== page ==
Monday: Stewards in the New Testament

The two basic words for “steward”

in the New Testament are epitropos, occurring three times, and oikonomos, occurring 10 times. Both these words describe positions that incorporate managerial responsibilities entrusted to the steward by the owner.

Paul on Christian Stewardship

Image © Providence Coll. Goodsalt.com

In both the New and Old Testaments, stewards are defined by what they do. The New Testament specifically describes the steward in terms of accountability (Luke 12:48) and expectations (1 Cor. 4:2). The Old Testament, though, is more focused on declaring God’s ownership than directly defining us as His stewards. Thus, while the concept of a steward is very similar for both Testaments, the New Testament expands the concept beyond just household management.

In the parable of the dishonest steward (Luke 16:1-15), Jesus expands the definition of steward. His lesson is about more than a steward escaping financial disaster. It is also applicable to those escaping spiritual disaster through a wise manifestation of faith. A wise steward will prepare for the future of Jesus’ return beyond the here and now (Matt. 25:21).

Read 1 Corinthians 4:1-2; Titus 1:7; and 1 Peter 4:10. What do they tell us about stewards and stewardship?

“Shall I open my heart to the Holy Spirit, that every faculty and energy may be aroused, which God has given me in trust? I am Christ’s property, and am employed in His service. I am a steward of His grace.” – Ellen G. White, Fundamentals of Christian Education, p. 301.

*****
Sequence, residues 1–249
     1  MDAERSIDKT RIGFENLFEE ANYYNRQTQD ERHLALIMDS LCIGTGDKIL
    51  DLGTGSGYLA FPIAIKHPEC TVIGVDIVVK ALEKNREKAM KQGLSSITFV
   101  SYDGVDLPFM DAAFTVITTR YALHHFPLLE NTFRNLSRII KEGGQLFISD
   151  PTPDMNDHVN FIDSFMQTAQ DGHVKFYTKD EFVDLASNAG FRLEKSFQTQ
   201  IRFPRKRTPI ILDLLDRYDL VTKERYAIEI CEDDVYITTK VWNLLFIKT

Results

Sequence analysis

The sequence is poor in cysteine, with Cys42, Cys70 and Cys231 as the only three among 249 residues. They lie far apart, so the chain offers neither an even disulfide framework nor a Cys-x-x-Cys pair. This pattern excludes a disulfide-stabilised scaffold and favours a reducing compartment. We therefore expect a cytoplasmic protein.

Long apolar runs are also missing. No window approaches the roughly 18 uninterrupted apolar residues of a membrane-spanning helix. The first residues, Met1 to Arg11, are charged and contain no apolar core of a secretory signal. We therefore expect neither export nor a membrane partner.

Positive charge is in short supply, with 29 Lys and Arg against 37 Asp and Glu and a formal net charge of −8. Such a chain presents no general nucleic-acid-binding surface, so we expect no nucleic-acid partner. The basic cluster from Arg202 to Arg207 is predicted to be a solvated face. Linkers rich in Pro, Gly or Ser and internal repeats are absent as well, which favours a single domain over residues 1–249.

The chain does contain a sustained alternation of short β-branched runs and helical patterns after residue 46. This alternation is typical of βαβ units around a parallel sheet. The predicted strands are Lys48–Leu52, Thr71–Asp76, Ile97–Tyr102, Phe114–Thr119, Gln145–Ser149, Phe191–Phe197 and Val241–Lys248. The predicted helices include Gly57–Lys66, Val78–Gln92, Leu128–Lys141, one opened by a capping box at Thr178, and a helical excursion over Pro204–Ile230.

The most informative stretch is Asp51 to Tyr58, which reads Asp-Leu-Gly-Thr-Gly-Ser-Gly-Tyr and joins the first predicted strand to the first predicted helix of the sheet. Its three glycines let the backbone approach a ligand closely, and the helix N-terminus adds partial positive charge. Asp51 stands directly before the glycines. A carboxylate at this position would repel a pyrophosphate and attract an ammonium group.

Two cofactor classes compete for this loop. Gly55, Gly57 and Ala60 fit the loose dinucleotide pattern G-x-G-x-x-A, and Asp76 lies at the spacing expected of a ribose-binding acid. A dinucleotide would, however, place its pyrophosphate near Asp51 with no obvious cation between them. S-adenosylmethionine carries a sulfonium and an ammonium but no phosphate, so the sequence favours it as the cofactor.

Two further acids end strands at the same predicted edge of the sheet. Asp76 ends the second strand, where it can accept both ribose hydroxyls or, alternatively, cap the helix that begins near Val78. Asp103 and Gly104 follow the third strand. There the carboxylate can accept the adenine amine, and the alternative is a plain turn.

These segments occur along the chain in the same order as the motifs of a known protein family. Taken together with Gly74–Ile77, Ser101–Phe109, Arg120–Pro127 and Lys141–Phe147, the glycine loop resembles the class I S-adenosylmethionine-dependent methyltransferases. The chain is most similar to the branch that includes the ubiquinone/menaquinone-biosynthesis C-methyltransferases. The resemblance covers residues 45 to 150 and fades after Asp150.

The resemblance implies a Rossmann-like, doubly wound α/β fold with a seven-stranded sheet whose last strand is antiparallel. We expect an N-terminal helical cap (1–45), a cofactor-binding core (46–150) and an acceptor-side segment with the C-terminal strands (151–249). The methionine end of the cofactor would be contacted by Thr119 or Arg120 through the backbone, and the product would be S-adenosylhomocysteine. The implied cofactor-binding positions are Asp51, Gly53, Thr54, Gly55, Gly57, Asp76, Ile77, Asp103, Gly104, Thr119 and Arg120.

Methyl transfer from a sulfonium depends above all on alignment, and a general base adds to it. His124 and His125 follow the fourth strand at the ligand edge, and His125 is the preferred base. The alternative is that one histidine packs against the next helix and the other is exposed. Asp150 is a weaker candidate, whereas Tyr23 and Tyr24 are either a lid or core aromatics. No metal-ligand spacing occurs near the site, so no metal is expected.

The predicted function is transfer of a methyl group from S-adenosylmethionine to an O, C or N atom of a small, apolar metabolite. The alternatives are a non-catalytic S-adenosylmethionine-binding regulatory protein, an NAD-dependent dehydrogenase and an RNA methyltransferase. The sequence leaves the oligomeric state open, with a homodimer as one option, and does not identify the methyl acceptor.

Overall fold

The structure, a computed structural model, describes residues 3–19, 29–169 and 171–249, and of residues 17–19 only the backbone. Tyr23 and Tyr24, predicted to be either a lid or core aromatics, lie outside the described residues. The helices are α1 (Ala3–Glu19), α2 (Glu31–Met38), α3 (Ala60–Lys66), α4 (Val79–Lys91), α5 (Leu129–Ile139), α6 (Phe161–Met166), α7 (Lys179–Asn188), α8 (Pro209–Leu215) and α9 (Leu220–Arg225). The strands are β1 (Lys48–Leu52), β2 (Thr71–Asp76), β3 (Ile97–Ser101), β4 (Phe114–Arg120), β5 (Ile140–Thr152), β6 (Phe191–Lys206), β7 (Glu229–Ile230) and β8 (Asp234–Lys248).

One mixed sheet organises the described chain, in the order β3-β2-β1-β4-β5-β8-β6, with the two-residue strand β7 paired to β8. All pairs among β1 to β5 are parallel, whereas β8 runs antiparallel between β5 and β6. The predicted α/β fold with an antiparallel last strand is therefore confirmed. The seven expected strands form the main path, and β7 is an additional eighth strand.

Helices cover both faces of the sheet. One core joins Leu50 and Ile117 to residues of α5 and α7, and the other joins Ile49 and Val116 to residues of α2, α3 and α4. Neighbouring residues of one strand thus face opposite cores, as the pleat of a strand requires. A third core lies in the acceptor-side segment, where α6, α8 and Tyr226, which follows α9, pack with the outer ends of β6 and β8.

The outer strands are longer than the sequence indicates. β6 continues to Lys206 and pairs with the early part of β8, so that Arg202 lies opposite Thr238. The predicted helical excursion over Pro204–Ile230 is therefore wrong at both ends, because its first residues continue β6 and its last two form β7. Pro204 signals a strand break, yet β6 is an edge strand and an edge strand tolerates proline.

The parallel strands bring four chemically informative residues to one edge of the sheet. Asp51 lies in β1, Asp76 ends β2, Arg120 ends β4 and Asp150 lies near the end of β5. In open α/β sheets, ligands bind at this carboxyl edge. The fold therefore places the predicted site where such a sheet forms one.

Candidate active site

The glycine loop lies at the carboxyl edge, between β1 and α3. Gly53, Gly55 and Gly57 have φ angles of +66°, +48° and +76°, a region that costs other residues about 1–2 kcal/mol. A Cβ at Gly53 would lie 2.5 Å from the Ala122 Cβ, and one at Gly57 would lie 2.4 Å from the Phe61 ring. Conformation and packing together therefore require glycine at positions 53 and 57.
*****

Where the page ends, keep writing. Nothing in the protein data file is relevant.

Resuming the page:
In Luke 12:35-48, Jesus also uses the term “steward” metaphorically. He tells of the wise steward being ready for the Son of man’s return, and describes the unfaithful steward as one who has given up caring because the master has delayed His return. The unfaithful steward has turned into a tyrant and has become abusive to those around him. He is no longer a pattern of good works or a manager of grace.

When we accept Christ, we are stewards, called to manage God’s resources. But more important, we are to manage the spiritual realities of the Christian life in preparation for heaven.

Read Luke 12:45. Why must we as Seventh-day Adventists, who often struggle with a sense of “delay,” be especially careful about falling into this deception?
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Source: Daily Sabbath School Lessons